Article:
Bringing Social Responsibility back to Tech

In recent years, research has emerged on how technology is inhibiting our ability to focus, encouraging smartphone and digital addiction, and enabling social isolation.[1] In addition to this research, news articles have come out about how tech giants have engaged in unsavory practices in the name of profit. This past year, Facebook underwent a senate hearing for allowing Cambridge Analytica to improperly access 87 million users’ data.[2] Meanwhile, Google received a $2.7 billion antitrust fine for “[denying] consumers a genuine choice” and biasing its search engine results.[3] These studies and news articles have only emphasized the negative externalities of technology and the “profit-at-any-cost” mindset of tech companies.

Google’s 2018 I/O keynote sought to change this narrative and portray technology in a positive light. In his talk, CEO Sundar Pichai explained that Google wants “to get the user experience and expectation right,”[4] and he reiterated the company’s mission of making information useful, accessible and beneficial to society. Pichai mentioned promising technology like artificial intelligence (AI), but he framed its potential through its ability to solve global problems like health care and accessibility. The keynote sought to change the perception of technology and tech companies from profit-seeking businesses to do-good social enterprises.

Both Google and Apple expressed awareness that users may be overconsuming their technology, and they introduced solutions to self-monitor and help. Google introduced its Dashboard, offering transparency and control into users’ “digital well-being,” while Apple introduced a similar functionality, “Screen Time Reports,” which summarizes users’ time spent on each app. Furthermore, Google Assistant’s new “Pretty Please” feature encourages users to make requests politely,[5] encouraging better manners and addressing concerns that home assistants are teaching children to be rude.[6] These new features mark Google and Apple’s attempt to ameliorate some of the downsides of their technology.

Both keynotes shifted away from simply pitching “Buy this new product” to offering to responsibly help consumers with their new products and features. This shift is a promising step forward for the tech industry, as it shows companies are increasingly aware of their products’ social and health implications and are taking action. Amazon has taken a similar step by having its voice assistant Alexa reward children who say “please,”[7] but it will be interesting to see if other tech companies, like Uber and Airbnb, follow suit to address or ameliorate the negative externalities of their products.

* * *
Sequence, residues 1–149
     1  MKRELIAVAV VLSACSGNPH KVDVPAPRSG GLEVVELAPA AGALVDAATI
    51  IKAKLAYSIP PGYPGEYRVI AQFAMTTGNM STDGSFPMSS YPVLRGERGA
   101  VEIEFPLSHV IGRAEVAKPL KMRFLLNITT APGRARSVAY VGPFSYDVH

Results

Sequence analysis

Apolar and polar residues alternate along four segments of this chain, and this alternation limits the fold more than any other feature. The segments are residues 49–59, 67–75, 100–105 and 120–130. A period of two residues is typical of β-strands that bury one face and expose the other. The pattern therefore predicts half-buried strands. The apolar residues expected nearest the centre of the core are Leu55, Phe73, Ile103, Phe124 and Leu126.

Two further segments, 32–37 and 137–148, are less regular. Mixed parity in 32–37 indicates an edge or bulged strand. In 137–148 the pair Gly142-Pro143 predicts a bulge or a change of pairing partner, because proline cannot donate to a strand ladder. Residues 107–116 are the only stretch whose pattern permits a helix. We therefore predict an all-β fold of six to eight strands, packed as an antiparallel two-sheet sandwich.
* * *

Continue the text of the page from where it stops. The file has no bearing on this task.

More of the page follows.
[4] Google I/O 2018 Keynote.





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5 comments on “Bringing Social Responsibility back to Tech”

  1. Hi, Claire! Great blog post! I agree that technology has the great potential to bring people together, but it can also make people feel isolated and allow people to create bad habits. I’ve too often found myself scrolling through Instagram, not realizing how much time has past and not appreciating my surroundings!

    Your blog post reminded me of a speech I watched by Simon Sinek, a well-known motivational speaker. Mr. Sinek talks about the “Millennial problem.” Individuals born in 1984 and onwards, called Millennials, grew up in a technology-centered world. We are used to things working fast, and getting immediate results. Mr. Sinek argues that when we get into the “real world” we sometimes don’t know how to act with patience because we are used to getting what we want. This isn’t our own fault; it’s an unfortunate result of the time we grew up in and the technology available to us.

    If you’d like to watch his video the link is:
    He starts talking about technology around 3:50 minutes.

    I’m glad to hear that technology companies are aware of their sometimes negative affect on us, and our making strides to better their users’ mental health, attitudes, and behaviors!